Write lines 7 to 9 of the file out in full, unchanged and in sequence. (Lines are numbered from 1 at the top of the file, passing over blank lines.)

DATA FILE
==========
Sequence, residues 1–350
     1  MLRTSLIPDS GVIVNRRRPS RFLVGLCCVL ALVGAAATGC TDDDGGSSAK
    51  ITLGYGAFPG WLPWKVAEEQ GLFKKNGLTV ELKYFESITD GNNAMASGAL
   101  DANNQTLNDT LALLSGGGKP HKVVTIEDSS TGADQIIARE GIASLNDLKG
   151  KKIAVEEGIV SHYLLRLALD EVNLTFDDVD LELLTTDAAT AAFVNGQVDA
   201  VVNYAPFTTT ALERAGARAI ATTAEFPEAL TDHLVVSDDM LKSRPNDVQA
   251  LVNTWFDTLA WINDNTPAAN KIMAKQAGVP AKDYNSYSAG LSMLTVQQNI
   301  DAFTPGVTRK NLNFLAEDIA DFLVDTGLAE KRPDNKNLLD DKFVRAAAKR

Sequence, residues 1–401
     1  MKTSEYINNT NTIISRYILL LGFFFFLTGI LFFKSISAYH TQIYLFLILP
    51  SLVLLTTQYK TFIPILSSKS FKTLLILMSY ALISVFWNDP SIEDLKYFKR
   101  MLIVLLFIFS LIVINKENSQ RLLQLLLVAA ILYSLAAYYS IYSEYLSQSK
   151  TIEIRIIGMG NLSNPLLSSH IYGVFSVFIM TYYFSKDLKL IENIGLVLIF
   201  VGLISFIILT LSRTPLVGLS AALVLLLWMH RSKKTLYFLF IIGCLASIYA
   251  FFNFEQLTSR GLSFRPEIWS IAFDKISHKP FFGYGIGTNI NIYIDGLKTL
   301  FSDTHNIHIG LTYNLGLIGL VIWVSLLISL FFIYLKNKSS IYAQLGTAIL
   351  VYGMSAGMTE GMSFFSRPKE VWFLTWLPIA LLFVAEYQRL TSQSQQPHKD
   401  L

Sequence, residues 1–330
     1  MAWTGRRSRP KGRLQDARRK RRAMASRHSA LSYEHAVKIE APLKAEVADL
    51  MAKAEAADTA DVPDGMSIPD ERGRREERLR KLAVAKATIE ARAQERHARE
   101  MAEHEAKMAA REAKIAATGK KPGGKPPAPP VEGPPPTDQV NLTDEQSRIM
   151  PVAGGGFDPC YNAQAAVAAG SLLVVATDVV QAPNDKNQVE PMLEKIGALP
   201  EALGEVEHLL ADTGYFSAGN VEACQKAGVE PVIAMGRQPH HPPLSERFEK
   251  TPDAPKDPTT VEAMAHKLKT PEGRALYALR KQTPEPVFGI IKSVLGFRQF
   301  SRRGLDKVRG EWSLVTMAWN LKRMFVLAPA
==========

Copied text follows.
   251  LVNTWFDTLA WINDNTPAAN KIMAKQAGVP AKDYNSYSAG LSMLTVQQNI
   301  DAFTPGVTRK NLNFLAEDIA DFLVDTGLAE KRPDNKNLLD DKFVRAAAKR

Sequence, residues 1–401